Technically at war with the Burmese Army since 1949, the Karen insurgency has had periods of success and nearly captured Yangon itself on several occasions.  Fighting between the KNU and Burmese Army continued intermittently for nearly the next 60 years.  Fighting peaked in the 1980’s when Karen fighters were joined by Burman students following the brutal suppression of protests.  At its height, the KNLA had more than 20,000 fighters but never ceased political efforts to resolve the conflict.

During the 1990’s internal strife caused a split in the KNLA.  Karen Buddhists split from the KNLA, with its largely Christian leadership, and formed their own resistance group called the DKBA (Democratic Karen Buddhist Army).  The DKBA has often sided with their religious peers, the Burmese Army, over their ethnic group in the KNLA.  However, recent years have seen some reversal of this with stronger ties being created between the KNLA and the DKBA.

The Karen conflict is currently the longest running internal war worldwide, though an informal ceasefire was agreed upon and somewhat abided by for the last several years.  Over 200,000 Karen have been driven from their homes and over 160,000 are currently living in Thailand in refugee camps.  The largest camp, Mae La, situated on the Thai-Burma border, holds over 50,000 Karen refugees with limited food, education and work opportunities.  There were still reports of the Burmese Army burning Karen villages as recently as 2010.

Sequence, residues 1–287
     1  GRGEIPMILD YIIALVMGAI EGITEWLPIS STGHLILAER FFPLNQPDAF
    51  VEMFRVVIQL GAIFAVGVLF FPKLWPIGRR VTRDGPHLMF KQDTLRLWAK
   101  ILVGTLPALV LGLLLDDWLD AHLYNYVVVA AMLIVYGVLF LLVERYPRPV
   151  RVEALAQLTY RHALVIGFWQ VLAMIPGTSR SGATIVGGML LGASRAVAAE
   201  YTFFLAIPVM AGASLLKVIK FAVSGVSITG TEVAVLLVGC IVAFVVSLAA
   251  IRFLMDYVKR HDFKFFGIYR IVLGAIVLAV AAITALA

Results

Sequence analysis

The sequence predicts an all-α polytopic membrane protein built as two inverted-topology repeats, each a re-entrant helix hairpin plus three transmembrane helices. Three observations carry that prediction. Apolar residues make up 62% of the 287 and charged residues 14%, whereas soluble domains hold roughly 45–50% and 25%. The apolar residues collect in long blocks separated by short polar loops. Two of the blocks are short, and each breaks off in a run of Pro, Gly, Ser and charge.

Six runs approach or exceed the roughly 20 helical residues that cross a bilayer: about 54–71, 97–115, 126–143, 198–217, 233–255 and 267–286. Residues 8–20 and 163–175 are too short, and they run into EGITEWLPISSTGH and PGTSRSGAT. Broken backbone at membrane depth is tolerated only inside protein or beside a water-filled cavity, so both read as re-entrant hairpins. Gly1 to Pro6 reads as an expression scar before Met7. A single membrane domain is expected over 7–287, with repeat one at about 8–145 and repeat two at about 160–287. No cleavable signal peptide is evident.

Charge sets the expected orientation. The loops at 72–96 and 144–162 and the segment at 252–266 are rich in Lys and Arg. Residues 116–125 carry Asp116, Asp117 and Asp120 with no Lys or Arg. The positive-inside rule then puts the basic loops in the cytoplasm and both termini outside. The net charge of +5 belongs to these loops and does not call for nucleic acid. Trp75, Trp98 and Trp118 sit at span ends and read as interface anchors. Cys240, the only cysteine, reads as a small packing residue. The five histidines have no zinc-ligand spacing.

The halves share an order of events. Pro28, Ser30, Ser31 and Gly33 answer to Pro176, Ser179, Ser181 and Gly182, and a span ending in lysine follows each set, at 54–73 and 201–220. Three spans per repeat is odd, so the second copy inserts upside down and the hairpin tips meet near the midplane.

Human Rights: The Burmese Army and military ruling class have been accused of a vast array of human rights abuses and have been subject to international sanctions for years.  Recently, these sanctions have begun to be eased with the implementation of government reforms and the move toward democracy.  The true nature of these reforms and their reach is still unknown.  

Over the past 60 years substantiated reports have emerged of the Burmese military being responsible  for political executions, child soldiers, forced labor, and even systematic rape and sex trafficking.  Additionally, the Burmese authorities have met any form of dissidence with extreme violence and total suppression. Freedom of speech has been severely restricted over the last 60 years but has been tentatively allowed since 2012.

All ethnic resistance movements, including the Karen, have been subject to these and other human rights abuses.  Currently, the Rohingya population on the western border of Myanmar faces the most persecution.  There have been accusations of ethnic cleansing by the Burmese government.  Though the Rohingya have lived there for centuries, they are still denied Burmese citizenship.  Tensions have flared recently between the Burman Buddhists and the Muslim Rohingya leading to the Muslim communities being attacked and their villages burned with little prosecution or intervention by the government.